We know that the longest hitters will expect to see a driver distance reduction of 13-15 yards. But how will this trickle down to the average golfer? The statement of the R&A and USGA suggests that the average LET or LPGA Tour player will see a 5-7 yard reduction, so for the majority of amateur golfers it could be that any driver distance reduction will be less than a handful of yards. Will it only be noticeable off the tee or on iron and wedge shots too? Rory McIlroy has already come out saying on X (formerly Twitter) that the proposed rollback “will make no difference to the average golfer” so it remains to be seen to what degree different levels of player will be affected and how it will affect the other clubs in the bag.

A graphic of how far golfers will hit their ball now vs in the future

(Image credit: USGA)

How will conforming balls be denoted?

Policing the implementation of the new design of golf ball will be difficult and those against it will likely be resistant to changing the ball they put on the tee. Conforming golf balls will likely need some sort of universal marking so people know it conforms under the new regulations but it could lead to a few disagreements and Rules situations, especially if you unknowingly use a ball you found in the rough that turned out to be non-conforming to the new rules.

When will brands release rolled back golf balls?

While it appears professionals will be required to use the rolled back ball from 2028, recreational golfers can still use existing golf balls until January 2030. So it begs the question, when will the newly rolled back balls be sold and will golfers of any level start to play it sooner to get used to how it performs, if it is even available beforehand?

Which current balls will continue to be conforming?

The R&A and USGA has said that “A significant portion of golf ball models that are currently in the market - and more than 30 per cent of all golf ball models submitted for conformance across the game - are expected to remain conforming after these changes are applied”. So if you currently use a low compression, softer feeling golf ball, the chances are that you will be unaffected, but it opens the question as to which current golf balls will and will not be conforming from 2030 and where the dividing line is.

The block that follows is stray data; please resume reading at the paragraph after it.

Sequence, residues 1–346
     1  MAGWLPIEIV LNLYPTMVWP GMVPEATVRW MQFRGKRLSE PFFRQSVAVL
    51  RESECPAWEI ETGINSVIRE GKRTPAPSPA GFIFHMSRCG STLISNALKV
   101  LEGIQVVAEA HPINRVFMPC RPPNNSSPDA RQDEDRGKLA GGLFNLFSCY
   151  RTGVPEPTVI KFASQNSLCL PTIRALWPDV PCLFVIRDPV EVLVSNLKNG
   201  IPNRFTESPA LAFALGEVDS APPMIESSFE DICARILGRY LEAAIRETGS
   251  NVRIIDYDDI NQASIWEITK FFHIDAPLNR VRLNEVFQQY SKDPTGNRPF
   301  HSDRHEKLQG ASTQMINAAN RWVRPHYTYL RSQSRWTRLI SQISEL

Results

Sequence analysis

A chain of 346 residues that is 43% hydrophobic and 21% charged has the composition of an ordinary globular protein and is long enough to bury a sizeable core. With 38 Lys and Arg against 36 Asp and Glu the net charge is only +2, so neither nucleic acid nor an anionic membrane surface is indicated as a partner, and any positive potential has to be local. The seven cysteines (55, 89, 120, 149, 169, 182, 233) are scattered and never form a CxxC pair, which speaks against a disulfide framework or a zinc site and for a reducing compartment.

Joel Tadman
Technical Editor

Joel has worked in the golf industry for over 12 years covering both instruction and more recently equipment. He now oversees all product content here at Golf Monthly, managing a team of talented and passionate writers and presenters in delivering the most thorough and accurate reviews, buying advice, comparisons and deals to help the reader find exactly what they are looking for. So whether it's the latest driver, irons, putter or laser rangefinder, Joel has his finger on the pulse keeping up to date with the latest releases in golf. He is also responsible for all content on irons and golf tech, including distance measuring devices and launch monitors.

One of his career highlights came when covering the 2012 Masters he got to play the sacred Augusta National course on the Monday after the tournament concluded, shooting a respectable 86 with just one par and four birdies. To date, his best ever round of golf is a 5-under 67 back in 2011. He currently plays his golf at Burghley Park Golf Club in Stamford, Lincs, with a handicap index of 3.2.

Joel's current What's In The Bag? 

Driver: Titleist TSR3, 9° 

Fairway wood: Titleist TSR3, 15° 

Hybrid: Titleist TSi2, 18° 

Irons: Ping i230 4-UW

Wedges: Titleist Vokey SM8, 54°. Titleist Vokey SM9 60° lob wedge, K Grind

Putter: Evnroll ER2V 

Ball: 2023 Titleist Pro V1x